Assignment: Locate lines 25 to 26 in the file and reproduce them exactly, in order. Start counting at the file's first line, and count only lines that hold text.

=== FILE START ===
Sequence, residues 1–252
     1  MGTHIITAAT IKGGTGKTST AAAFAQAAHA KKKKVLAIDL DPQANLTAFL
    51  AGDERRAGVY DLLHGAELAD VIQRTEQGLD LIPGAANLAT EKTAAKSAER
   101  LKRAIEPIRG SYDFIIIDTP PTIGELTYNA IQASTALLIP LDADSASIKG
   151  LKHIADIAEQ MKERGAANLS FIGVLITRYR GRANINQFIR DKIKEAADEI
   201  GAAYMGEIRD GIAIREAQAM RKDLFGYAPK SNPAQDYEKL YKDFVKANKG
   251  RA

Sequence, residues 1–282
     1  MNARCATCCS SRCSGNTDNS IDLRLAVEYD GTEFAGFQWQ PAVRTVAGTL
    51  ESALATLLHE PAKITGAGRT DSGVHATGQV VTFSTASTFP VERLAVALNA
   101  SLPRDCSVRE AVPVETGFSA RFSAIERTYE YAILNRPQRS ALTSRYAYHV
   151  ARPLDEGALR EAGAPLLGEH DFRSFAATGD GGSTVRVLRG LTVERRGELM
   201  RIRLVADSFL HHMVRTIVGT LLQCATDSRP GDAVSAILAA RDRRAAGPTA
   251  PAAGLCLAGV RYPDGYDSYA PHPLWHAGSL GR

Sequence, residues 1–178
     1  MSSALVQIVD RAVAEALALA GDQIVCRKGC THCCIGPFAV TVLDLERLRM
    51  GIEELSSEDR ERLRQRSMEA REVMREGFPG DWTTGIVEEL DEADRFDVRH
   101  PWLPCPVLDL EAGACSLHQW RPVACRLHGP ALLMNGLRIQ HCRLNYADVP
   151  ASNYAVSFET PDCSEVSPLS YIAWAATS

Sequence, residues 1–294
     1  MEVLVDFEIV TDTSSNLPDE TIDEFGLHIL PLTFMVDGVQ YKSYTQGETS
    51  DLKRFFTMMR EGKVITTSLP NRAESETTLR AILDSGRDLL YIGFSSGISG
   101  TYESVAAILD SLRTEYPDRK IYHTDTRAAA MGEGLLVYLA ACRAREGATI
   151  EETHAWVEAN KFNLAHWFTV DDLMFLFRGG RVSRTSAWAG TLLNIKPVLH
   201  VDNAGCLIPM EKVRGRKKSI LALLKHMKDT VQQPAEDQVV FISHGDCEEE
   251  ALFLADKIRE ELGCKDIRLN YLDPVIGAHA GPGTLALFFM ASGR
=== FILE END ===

   201  VDNAGCLIPM EKVRGRKKSI LALLKHMKDT VQQPAEDQVV FISHGDCEEE
   251  ALFLADKIRE ELGCKDIRLN YLDPVIGAHA GPGTLALFFM ASGR